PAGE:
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Trebuchets hurl pumpkins 600+ feet in annual engineering contest

November 9th, 2015 Posted in Opinion

Story & Photos by Jaesea Gatherum

NORTH LOGAN — Last week, the oohs and awwws were for the creative pumpkin displays at North Logan’s Pumpkin Walk, but this week the cheers were for high-flying, smashing pumpkins.

That is what happens when pumpkins get launched hundreds of feet in the air by trebuchets during the 5th annual Pumpkin Toss.

READY, AIM . . . A trebuchet team readies its apparatus to fire off a pumpkin. (Jaesea Gatherum photo)

READY, AIM . . . A trebuchet team readies its apparatus to fire off a pumpkin. (Jaesea Gatherum photo)

A trebuchet is a kind of catapult that was used in medieval warfare to propel stones at enemies. Now they are used in North Logan to provide entertainment by hurling pumpkins lengths of football fields. A trebuchet uses a long pole powered by a “falling massive counterweight” to propel objects — pumpkins in this case — long distances, says the American Society of Mechanical Engineers.

Nine teams participated in the event this year, which was the biggest trebuchet turnout yet. The number of participants isn’t the only thing that has grown through the years; the number of spectators has also increased.

“The first year there were only three trebuchets,” said volunteer Britnay Chamberlain, who helped build a catapult for the first Pumpkin Toss back in 2011. “And there were only about 50 people who came, so it has definitely grown.”

Most teams consisted of Utah State University engineering students, who spent weeks to months building their trebuchets, which would be judged on both accuracy and distance.

“This is my first year,” said mechanical engineering major Landon Carter. “We built it for about five weeks.”

Building these catapults is not a simple feat. The teams are restricted to parameters set by the American Society of Mechanical Engineers’ 65-page outline, which also includes discussion of the science that goes into building a trebuchet.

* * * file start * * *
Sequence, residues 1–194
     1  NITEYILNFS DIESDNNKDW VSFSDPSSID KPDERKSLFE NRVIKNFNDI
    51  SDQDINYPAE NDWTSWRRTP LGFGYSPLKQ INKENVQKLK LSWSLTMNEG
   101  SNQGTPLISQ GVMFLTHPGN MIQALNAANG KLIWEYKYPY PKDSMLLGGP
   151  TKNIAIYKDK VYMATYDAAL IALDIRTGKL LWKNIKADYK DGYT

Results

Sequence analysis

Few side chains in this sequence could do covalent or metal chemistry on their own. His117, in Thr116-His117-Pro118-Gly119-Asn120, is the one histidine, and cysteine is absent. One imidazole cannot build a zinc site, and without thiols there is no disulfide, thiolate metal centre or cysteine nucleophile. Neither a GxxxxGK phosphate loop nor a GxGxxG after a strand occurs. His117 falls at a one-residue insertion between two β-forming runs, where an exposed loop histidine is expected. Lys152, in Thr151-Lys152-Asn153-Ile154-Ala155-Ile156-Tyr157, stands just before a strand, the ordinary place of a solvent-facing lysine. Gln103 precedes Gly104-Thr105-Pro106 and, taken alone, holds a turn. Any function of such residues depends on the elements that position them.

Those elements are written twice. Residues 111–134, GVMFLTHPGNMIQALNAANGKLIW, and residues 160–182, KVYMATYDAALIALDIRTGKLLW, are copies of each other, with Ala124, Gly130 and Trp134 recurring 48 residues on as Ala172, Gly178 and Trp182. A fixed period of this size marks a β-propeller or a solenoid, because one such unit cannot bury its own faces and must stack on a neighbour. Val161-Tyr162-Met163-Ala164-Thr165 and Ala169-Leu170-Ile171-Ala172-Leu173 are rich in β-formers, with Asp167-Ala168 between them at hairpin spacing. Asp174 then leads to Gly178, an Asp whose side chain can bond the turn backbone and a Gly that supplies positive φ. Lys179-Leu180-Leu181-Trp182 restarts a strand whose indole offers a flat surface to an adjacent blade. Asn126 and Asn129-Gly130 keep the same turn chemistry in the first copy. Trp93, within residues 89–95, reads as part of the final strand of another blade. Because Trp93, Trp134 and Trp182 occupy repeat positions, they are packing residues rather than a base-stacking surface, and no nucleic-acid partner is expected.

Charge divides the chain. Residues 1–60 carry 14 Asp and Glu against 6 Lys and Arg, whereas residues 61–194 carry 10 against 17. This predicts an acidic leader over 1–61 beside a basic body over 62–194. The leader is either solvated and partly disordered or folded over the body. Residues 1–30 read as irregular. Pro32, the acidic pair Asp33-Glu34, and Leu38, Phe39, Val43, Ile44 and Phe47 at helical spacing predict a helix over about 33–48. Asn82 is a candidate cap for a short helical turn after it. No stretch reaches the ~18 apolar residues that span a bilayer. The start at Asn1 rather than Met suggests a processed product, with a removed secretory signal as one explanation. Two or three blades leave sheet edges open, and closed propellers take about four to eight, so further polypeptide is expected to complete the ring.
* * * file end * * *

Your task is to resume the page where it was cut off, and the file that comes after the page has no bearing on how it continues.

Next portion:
Carter’s team, sponsored by Bear River Land Conservation, built a trebuchet that stood 29 feet tall, and hurled pumpkins more than 300 feet.

GANDALF’s BEARD! Mechanical engineering students Miguel Beal, Josh Kapp, Robert Berry, Parker Dahl and Spencer Mathis with their prize-winning trebuchet. (Jaesea Gatherum photo)

GANDALF’s BEARD! Mechanical engineering students Miguel Beal, Josh Kapp, Robert Berry, Parker Dahl and Spencer Mathis with their prize-winning trebuchet. (Jaesea Gatherum photo)

After watching for 20 minutes as the nine machines chucked pumpkins for accuracy, and then for another 20 minutes for distance, a panel of judges made up of USU professors tallied the points.

The winner was Gandalf’s Beard, a team that rocketed one of its pumpkins 625 feet, almost doubling last year’s distance, said Parker Dahl, one of the team’s members.

Dahl said the team used the same catapult they built last year, and spent the last three months making improvements to get it ready for Saturday.

“I’m surprised it’s not broken,” said Miguel Beal, another member of Gandalf’s Beard.

All of the preparations paid off, because the audience erupted when Gandalf’s Beard’s winning pumpkin exploded on the ground almost two football fields away.

Spectator Marion Bishop, a mother of two, said she had heard about this event from some of her friends who come each year.

“This is a great way to get kids excited about science,” she said. “Without a doubt this is going to be a new family tradition.”

The event was co-sponsored by the Bear River Land Conservancy and the City of North Logan.

TP

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